Squeezing a Story Out of Bethlehem

Over recent decades Christians have left Bethlehem in their thousands, and now are a minority in a city they once dominated. In 2008 Christians accounted for 28% of Bethlehem city’s population of about 25,000. The daily grind of living under occupation, with few opportunities, little hope and the violence of the Palestinian uprising 10 years ago are cited as the chief reasons for departure.

But as the Associated Press stated in its own story on Bethlehem at Christmas this time last year:

The number of Christians in the West Bank is on the decline. While some leave for economic reasons, many speak of persecution by the Muslim majority, but always anonymously, fearing retribution.

 Christians have even lost their majority in Bethlehem, where more than two-thirds of the some 50,000 Palestinian residents are now Muslim.

And as the Wall St. Journal wrote exactly three years ago:

On the rare occasion that Western media cover the plight of Christians in the Palestinian territories, it is often to denounce Israel and its security barrier. Yet until Palestinian terrorist groups turned Bethlehem into a safe haven for suicide bombers, Bethlehemites were free to enter Israel, just as many Israelis routinely visited Bethlehem.

The other truth usually ignored by the Western press is that the barrier helped restore calm and security not just in Israel, but also in the West Bank including Bethlehem. The Church of the Nativity, which Palestinian gunmen stormed and defiled in 2002 to escape from Israeli security forces, is now filled again with tourists and pilgrims from around the world.

Indeed, why didn’t Harriet Sherwood consider this in an article she wrote for The Guardian only a few days earlier where she states that it is likely to be a record year for tourism to Bethlehem? Instead, “officials say the local tourist industry still faces huge hurdles as a result of Israel’s continued occupation of the West Bank.”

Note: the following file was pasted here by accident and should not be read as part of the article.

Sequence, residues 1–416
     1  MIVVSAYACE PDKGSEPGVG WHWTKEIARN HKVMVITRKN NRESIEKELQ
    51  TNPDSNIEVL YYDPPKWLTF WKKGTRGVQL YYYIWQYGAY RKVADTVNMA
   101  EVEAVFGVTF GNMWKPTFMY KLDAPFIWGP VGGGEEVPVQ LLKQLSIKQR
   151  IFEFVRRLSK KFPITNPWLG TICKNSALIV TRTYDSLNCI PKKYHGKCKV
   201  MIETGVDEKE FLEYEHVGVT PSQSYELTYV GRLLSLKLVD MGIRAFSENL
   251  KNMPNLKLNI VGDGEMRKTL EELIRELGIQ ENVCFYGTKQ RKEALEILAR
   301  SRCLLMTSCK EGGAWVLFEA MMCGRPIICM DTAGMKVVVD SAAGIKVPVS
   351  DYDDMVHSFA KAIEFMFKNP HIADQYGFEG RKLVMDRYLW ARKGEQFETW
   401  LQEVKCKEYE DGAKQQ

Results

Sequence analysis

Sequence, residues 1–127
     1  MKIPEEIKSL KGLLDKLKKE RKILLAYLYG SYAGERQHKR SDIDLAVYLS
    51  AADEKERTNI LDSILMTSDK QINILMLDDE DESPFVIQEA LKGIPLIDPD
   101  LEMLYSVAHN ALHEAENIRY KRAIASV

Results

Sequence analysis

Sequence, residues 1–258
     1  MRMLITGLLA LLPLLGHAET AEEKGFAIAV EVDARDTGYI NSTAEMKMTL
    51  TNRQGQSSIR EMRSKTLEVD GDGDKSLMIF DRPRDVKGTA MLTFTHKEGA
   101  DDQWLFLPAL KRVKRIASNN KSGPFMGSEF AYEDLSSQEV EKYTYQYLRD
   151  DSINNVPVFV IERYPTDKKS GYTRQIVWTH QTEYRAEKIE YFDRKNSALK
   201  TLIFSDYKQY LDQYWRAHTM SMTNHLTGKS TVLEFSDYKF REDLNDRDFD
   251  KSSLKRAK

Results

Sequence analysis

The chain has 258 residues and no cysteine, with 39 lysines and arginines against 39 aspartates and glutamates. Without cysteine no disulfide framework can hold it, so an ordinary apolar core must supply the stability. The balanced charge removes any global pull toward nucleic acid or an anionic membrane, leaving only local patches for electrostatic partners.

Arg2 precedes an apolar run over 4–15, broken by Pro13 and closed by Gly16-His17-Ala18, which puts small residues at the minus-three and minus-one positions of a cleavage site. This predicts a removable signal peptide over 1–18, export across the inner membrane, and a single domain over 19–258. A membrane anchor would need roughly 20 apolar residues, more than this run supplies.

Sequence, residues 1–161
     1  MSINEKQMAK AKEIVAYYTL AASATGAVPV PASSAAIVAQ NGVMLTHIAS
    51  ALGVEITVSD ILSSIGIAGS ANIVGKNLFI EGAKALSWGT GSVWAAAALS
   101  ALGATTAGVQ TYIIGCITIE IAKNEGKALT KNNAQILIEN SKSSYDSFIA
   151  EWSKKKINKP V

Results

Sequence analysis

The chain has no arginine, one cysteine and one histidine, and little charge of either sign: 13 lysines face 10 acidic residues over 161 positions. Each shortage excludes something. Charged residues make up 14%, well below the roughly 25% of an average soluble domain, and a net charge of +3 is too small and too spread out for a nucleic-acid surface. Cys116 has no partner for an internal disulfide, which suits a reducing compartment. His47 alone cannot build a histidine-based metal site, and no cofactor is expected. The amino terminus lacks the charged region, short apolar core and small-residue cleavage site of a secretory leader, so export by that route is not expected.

Sherwood also appears to get some of her information from less than credible sources:

In a booklet to mark Christmas 2012, Kairos Palestine, a Christian alliance, says: “Land confiscation, as well as the influx of Israeli settlers, suggest that there will be no future for Palestinians (Christian or Muslim) in [this] area. In this sense, the prospect of a clear ‘solution’ grows darker every day.”

Who exactly are Kairos Palestine and what is contained in their booklet? NGO Monitor reports:

Kairos Palestine, a Christian Palestinian group centrally involved in political warfare including BDS, published a 32-page “Christmas Alert” together with Applied Research Institute Jerusalem (ARIJ). This text includes distortions on the situation of Palestinian Christians, interlaced with biblically-based sermons. One of these compares the situation of the Palestinians today with the “Parable of the Vineyard and the Tenants.” This parable invokes classic antisemitic deicide themes: the tenants (the Jews) reject the word of God (the owner of the vineyard) and kill his son, causing their land to be taken from them and given to “others.” This document casts modern day Jews as the evil tenants, and the Palestinians as Jesus, whom the tenants seek to kill.  

If you want a more balanced story examining the situation of Bethlehem’s Christians, you could do worse than read other pieces in the Sunday Telegraph or Independent.

As we asked last year, how many more years will we have to deal with the politicization and abuse of Christmas by the media? Thanks to The Guardian, yet another year has proven to be the case.

Send your considered comments to The Guardian – letters@guardian.co.uk

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